• Published 27th Oct 2013
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The Celestia Code - iisaw

Princess Twilight Sparkle discovers a centuries-old mystery hidden in the Royal Archives.

  • ...

10 Uninvited Guests

Chapter Ten
Uninvited Guests

"It all fits," I said, pointing to the ruts worn in the floor. "The grooves on this side of the turret are deeper than the other."

Jigsaw nodded sadly. "Empty wagons coming in, loaded wagons going out. It must have been an amazingly powerful artifact."

"Well, the cornucopia may be gone now, but we still have the magic weapon to find. 'Seek it beneath the cornucopia,' was what the code said. So..." I examined the granite slab closely. It seemed to be set into the wall as well as connected to the pedestal beneath it. There was no obvious way to lift it without destroying the surrounding mosaic. "Maybe we can access the space underneath from outside the building, or maybe there's a tunnel."

"Or maybe there are instructions written on the wall?" She seemed awfully cheerful all of a sudden.

"Not funny, Jigsaw."

She just smirked at me. And kept on smirking. I looked at the mosaic. I looked at the walls to ether side. No obvious text, no coded suns—well there was one sun, but it was part of the picture, and all of its eight rays were nearly identical. But Jigsaw definitely had noticed something I hadn't.

"I don't see it," I finally admitted.

"I never would have noticed it if we hadn't discovered the sun code first," Jigsaw admitted. "Take a closer look at the two bunches of grapes just above the slab."

"Mhn... twelve grapes in each cluster and..." I squinted, trying to see any other differences. "The highlights are on different sides of the grapes?"

Jigsaw couldn't contain herself any longer. "Yes! The little bits of diamond are either correct for the overall lighting of the piece or they're wrong: one binary difference! The sapphires are not a range of colors but two distinct shades: second difference! And the stones are slightly oval... not in varying orientations, but either exactly vertical or horizontal!"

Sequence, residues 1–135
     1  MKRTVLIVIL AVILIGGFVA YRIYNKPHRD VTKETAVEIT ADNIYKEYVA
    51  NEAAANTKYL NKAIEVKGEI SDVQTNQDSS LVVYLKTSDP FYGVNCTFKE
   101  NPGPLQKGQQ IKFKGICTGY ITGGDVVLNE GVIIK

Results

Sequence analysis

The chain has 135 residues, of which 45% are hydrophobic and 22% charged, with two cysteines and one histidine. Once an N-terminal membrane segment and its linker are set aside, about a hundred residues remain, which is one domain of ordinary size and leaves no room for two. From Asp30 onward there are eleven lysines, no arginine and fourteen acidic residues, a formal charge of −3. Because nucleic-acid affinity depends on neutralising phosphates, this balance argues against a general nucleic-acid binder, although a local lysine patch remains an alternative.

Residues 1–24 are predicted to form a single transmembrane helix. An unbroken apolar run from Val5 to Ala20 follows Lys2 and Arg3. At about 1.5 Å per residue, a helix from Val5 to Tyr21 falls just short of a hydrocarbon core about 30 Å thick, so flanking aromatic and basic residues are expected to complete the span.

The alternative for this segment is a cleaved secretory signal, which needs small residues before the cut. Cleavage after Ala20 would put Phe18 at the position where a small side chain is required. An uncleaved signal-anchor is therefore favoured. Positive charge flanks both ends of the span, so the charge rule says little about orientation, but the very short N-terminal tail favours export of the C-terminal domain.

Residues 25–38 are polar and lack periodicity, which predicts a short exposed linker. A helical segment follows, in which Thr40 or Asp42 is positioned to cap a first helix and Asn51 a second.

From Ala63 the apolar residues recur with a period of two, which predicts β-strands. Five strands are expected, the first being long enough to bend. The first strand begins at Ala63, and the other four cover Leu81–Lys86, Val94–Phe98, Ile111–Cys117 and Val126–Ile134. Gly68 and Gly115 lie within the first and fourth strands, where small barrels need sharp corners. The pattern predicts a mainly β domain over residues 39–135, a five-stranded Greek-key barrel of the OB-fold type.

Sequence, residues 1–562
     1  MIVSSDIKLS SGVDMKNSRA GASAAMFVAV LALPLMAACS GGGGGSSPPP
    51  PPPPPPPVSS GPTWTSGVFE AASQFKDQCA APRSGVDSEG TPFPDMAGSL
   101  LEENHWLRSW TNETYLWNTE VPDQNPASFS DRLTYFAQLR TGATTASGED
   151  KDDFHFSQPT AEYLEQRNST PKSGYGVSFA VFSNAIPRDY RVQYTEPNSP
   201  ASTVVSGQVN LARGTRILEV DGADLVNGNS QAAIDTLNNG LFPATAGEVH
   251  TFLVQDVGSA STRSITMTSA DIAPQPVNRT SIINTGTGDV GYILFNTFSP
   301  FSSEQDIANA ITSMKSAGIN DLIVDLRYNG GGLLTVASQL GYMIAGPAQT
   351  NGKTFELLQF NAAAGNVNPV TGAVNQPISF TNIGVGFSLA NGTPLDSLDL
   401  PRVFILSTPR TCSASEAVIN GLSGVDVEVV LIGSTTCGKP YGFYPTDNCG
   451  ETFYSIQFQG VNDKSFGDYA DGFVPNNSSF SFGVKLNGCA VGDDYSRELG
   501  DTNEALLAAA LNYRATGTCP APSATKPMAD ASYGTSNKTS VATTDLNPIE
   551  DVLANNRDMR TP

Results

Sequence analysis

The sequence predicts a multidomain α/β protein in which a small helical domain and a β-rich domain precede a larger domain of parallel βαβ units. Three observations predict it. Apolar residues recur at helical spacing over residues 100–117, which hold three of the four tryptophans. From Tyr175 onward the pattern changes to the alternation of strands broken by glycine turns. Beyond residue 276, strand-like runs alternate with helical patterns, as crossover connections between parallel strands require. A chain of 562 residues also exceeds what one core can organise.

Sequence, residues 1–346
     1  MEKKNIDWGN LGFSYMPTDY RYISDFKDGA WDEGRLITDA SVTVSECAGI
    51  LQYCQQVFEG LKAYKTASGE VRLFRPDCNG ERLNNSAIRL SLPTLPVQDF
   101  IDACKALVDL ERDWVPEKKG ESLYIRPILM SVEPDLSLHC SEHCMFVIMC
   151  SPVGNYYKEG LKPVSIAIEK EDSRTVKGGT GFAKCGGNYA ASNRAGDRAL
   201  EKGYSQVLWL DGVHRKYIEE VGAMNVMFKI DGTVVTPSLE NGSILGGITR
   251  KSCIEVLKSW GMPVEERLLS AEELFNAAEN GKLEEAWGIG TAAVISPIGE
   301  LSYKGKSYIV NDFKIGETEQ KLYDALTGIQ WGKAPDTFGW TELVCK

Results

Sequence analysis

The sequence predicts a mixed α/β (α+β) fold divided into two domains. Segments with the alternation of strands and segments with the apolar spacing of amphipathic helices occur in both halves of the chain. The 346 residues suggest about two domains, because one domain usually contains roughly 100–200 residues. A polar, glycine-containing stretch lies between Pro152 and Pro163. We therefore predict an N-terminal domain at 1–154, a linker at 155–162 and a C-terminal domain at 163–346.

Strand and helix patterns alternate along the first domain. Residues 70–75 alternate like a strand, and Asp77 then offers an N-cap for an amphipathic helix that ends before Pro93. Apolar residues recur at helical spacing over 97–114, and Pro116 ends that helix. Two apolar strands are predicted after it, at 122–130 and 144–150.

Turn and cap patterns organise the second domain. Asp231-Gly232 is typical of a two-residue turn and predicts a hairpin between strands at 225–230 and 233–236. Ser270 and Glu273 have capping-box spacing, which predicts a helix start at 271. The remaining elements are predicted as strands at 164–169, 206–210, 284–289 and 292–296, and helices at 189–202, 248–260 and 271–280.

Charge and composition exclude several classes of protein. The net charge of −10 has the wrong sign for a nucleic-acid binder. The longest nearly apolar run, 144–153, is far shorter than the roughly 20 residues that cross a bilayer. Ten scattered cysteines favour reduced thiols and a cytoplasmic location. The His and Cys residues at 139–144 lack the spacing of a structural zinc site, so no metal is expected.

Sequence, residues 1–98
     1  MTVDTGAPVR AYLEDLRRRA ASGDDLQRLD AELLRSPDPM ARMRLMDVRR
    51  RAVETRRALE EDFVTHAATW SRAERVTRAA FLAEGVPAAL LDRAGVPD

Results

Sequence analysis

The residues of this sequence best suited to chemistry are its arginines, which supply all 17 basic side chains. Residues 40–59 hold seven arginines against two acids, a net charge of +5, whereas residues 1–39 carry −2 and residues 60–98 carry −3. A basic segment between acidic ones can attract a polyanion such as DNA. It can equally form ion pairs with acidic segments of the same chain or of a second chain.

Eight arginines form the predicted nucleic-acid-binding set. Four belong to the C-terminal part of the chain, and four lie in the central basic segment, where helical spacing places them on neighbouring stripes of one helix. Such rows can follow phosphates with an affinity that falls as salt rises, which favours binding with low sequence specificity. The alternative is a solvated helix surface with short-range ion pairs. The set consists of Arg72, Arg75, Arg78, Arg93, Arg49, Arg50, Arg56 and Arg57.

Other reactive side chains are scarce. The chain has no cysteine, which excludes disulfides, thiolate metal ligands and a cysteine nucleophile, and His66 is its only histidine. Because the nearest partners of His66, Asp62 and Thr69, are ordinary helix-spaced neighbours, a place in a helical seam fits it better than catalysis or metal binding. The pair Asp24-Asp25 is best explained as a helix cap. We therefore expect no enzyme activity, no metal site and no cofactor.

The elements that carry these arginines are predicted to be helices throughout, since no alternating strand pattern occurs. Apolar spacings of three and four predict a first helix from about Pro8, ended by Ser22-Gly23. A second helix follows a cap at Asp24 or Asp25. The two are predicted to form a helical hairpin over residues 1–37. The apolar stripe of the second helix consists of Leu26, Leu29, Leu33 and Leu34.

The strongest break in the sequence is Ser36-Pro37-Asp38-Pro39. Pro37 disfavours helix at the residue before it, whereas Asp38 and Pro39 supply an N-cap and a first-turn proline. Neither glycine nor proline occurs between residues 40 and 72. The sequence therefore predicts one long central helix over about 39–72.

I had to look very closely to see the differences, but she was right. It had to be another code. I turned and smiled at her. "You're a genius, Daring Do!"

"Oh, please! I'm way better than that slash-and-burn cowpony!" she said, ostentatiously polishing a hoof against her chest. "Now that I've done the hard part, would you like to decode the message?"

I already had my notebook and quill out. I started with the same sequence for the letters as before, and I assumed that the grapes would be read top to bottom and left to right. I just needed to discover which order the three differences came in. It took about ten minutes.


There were lots of pears and lemons in the mosaic but only one of each on the pedestal.

"Dibs on the lemon," Jigsaw said.

"Wait." I held out a wing to block her path. "I want us to be very careful here. Let's get out of the building and then start pushing buttons that are connected to Celestia knows what."

"They'd never set a trap that might damage that amazing mosaic!" Jigsaw protested.

"How much damage would, say, poison gas do to the gemstones?"